3. International Dark Sky Reserves – these Reserves consist of a dark “core” zone surrounded by a populated periphery where policy controls are enacted to protect the darkness of the core.
  4. Urban Night Sky Places – Urban Night Sky Places are sites near or surrounded by large urban environs whose planning and design actively promote an authentic nighttime experience in the midst of significant artificial light at night.
  5. International Dark Sky Communities – Communities are legally organized cities and towns that adopt quality outdoor lighting ordinances and undertake efforts to educate residents about the importance of dark skies.”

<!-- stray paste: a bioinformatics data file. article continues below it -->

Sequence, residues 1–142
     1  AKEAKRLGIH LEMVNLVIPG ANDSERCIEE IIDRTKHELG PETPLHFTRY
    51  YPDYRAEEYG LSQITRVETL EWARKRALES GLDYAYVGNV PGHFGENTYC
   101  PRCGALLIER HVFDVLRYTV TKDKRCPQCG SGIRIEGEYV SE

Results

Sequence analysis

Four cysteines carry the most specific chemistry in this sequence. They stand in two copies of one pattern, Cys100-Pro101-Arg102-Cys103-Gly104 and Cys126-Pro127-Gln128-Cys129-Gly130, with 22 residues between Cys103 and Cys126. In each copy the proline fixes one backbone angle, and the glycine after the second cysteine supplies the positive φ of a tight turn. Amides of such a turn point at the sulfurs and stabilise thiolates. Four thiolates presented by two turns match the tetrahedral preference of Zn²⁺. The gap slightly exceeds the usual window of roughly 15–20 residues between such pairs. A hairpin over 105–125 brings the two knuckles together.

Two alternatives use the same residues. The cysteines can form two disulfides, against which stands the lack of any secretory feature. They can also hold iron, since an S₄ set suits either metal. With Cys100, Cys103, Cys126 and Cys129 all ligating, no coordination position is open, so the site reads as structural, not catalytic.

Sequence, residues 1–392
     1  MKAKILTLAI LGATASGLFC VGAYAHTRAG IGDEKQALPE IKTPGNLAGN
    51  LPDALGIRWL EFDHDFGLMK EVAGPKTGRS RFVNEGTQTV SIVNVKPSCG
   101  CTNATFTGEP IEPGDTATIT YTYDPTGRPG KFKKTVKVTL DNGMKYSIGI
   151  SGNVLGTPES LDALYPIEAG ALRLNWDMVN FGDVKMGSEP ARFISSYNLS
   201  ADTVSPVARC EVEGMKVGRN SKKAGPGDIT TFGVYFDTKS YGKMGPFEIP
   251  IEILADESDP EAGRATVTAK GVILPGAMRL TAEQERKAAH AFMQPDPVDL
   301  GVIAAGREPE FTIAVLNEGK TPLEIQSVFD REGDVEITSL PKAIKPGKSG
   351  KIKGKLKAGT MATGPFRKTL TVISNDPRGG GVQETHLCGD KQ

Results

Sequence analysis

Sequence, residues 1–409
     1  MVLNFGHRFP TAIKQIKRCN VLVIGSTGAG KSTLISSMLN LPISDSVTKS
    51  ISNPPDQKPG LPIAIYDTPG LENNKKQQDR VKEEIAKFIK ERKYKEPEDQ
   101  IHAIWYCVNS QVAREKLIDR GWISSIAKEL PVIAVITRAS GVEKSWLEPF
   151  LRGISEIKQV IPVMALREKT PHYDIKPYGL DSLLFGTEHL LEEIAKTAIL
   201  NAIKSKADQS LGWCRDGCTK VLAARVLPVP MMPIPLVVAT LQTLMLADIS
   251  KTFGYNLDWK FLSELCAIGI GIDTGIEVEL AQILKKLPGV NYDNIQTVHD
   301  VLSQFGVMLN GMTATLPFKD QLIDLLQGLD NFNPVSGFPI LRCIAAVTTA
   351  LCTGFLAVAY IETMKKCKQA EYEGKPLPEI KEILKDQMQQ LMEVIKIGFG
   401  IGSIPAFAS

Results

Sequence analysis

Another great example of transnational networking is The UK Dark Skies Partnership (UK DSP), an informal collaboration of a wide range of professional organizations, institutions, and UK protected landscapes. Its specific commitments are the protection and improvement of dark skies over both International Dark-Sky Association Dark Sky Places and others, and the progressive reduction of both urban and rural light pollution through better lighting practice. The UK Dark Skies Partnership is a collaborative forum which includes: UK dark-sky places, relevant professional organizations, the Commission for Dark Skies, the Countryside Charity (CPRE), the Institution of Lighting Professionals, and the Society of Light and Lighting. All these organizations support the work of the All-Party Parliamentary Group for Dark Skies, co-chaired by MP Andrew Griffith and Astronomer Royal Lord Rees. The primary aim of the UK Dark Skies Partnership is to improve sky quality by reducing unnecessary and inappropriate light pollution through effective behavioral change, education, and promotion of environmentally sensitive lighting.